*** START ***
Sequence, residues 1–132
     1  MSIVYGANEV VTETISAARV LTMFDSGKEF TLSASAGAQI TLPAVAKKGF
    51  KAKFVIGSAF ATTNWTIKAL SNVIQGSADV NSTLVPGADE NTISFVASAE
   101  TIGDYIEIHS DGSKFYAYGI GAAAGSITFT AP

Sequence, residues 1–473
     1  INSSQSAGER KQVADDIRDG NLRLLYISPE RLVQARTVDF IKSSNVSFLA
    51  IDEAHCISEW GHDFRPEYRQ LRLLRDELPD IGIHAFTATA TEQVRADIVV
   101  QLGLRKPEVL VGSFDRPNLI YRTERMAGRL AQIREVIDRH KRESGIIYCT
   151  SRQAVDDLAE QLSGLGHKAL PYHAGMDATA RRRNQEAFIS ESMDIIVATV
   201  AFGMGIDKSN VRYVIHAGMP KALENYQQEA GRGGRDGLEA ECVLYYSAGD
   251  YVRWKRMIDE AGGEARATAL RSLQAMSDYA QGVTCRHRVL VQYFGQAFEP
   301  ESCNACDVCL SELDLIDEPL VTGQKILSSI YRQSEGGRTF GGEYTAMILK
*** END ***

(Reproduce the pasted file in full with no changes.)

Sequence, residues 1–132
     1  MSIVYGANEV VTETISAARV LTMFDSGKEF TLSASAGAQI TLPAVAKKGF
    51  KAKFVIGSAF ATTNWTIKAL SNVIQGSADV NSTLVPGADE NTISFVASAE
   101  TIGDYIEIHS DGSKFYAYGI GAAAGSITFT AP

Sequence, residues 1–473
     1  INSSQSAGER KQVADDIRDG NLRLLYISPE RLVQARTVDF IKSSNVSFLA
    51  IDEAHCISEW GHDFRPEYRQ LRLLRDELPD IGIHAFTATA TEQVRADIVV
   101  QLGLRKPEVL VGSFDRPNLI YRTERMAGRL AQIREVIDRH KRESGIIYCT
   151  SRQAVDDLAE QLSGLGHKAL PYHAGMDATA RRRNQEAFIS ESMDIIVATV
   201  AFGMGIDKSN VRYVIHAGMP KALENYQQEA GRGGRDGLEA ECVLYYSAGD
   251  YVRWKRMIDE AGGEARATAL RSLQAMSDYA QGVTCRHRVL VQYFGQAFEP
   301  ESCNACDVCL SELDLIDEPL VTGQKILSSI YRQSEGGRTF GGEYTAMILK